"Throw away" cell phones can create problems for the county communication center, according to Dave Skou, communications supervisor for the Cherokee County Law Enforcement Center and the 911 coordinator for Cherokee County.
Skou noted that cell phones are increasingly replacing land lines for phone calls, including 911 calls. Of the 227 calls last month to 911 in Cherokee County, 65 percent were from wireless phones.
As cell phone owners replace their old cell phones with newer ones, they sometimes give the old cell phones to relatives for emergency use. Skou said the old phones can be used to call 911 even after the phone number is discontinued but he cautioned that when a call is dropped, as it frequently is in some areas, the person and location of the call cannot be identified. There is no way to call back the 911 caller to verify whether or not help is needed.
Recently, the communication center received repeated 911 calls over a half hour period. Nobody was on the line when the call was answered and the number had been deactivated so there was no identification of who the caller was or where the call originated.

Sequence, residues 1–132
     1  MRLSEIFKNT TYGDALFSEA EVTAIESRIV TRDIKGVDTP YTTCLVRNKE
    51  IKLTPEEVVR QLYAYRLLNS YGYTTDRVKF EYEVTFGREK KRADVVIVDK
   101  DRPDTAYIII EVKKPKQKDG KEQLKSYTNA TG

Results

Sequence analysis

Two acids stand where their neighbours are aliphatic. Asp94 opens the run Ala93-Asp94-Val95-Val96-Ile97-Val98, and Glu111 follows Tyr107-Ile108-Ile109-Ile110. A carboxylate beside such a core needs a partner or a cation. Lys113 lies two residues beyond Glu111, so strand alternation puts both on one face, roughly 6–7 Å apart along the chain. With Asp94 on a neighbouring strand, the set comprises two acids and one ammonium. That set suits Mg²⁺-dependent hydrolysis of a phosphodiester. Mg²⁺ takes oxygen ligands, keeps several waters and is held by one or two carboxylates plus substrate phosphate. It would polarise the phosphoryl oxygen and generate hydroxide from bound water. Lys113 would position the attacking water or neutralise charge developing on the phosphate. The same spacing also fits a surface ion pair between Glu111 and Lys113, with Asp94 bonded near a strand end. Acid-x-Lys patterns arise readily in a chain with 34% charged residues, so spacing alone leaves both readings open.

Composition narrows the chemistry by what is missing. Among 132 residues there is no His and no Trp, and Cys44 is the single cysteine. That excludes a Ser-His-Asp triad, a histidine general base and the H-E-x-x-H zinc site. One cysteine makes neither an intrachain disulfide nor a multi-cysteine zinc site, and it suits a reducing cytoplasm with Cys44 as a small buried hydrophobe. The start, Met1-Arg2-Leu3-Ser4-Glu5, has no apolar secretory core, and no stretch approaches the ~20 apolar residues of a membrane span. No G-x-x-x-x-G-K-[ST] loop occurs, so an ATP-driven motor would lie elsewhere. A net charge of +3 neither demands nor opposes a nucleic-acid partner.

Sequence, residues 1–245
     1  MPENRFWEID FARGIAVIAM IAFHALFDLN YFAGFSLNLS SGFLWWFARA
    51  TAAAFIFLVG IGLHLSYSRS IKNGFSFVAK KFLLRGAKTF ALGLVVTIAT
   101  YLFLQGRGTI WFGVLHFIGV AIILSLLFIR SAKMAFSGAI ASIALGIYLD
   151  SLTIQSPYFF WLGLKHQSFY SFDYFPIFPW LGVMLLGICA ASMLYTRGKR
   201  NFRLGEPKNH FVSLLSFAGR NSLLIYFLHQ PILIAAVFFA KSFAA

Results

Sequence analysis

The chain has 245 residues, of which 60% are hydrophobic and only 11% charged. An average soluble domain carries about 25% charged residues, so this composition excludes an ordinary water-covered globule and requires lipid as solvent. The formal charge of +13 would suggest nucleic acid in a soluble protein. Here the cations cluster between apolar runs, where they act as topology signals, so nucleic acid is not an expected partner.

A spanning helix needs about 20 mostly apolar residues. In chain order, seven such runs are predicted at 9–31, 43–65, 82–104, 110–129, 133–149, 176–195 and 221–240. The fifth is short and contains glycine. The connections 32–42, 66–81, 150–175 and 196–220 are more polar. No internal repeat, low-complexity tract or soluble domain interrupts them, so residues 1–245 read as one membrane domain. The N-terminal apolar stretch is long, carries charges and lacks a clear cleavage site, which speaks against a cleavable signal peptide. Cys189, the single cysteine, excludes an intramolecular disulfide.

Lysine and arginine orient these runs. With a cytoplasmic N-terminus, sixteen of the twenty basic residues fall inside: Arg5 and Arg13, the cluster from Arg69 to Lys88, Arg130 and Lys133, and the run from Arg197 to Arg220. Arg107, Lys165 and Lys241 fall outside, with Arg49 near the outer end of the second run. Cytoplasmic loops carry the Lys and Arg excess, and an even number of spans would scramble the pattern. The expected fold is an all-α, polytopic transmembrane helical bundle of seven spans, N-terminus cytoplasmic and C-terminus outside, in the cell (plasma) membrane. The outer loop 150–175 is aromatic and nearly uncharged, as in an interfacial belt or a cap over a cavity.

There is a procedure to go through with the phone service provider for identifying the last owner of the phone but this takes time, which can be tragic in an emergency situation.
It took over an hour to track down the recent repeated calls to 911. As it turned out, the repeated 911 calls were made by young children who were given a "throw away" cell phone to play with.
Skou advises against giving children a deactivated cell phone as a toy.
There are also problems with 911 hang ups, even when the source of the call can be identified. Sometimes an automatic 911 dial up button is pushed accidentally or a cordless phone system will activate the 911 dial up when the battery runs low or for some other reason, 911 is unintentionally called. Often in such instances, the embarrassed caller will immediately hang up.
"We are all capable of making a mistake. Please stay on the line when 911 is called and let us know what is happening," Skou urged.
The alternative to the caller describing the situation to the dispatcher is to having law enforcement officers dispatched to the location, if the location can be determined.
The location of the call can be determined by a GPS chip in every cell phone sold from December of 2005 on. Skou noted that sometimes this is automatic but it sometimes requires activation of a locator procedure. If someone hangs up or the call is dropped before the procedure, the location cannot be pinpointed.
Skou urges the public to cooperate to avoid unnecessary problems to emergency service providers as the result of cell phones.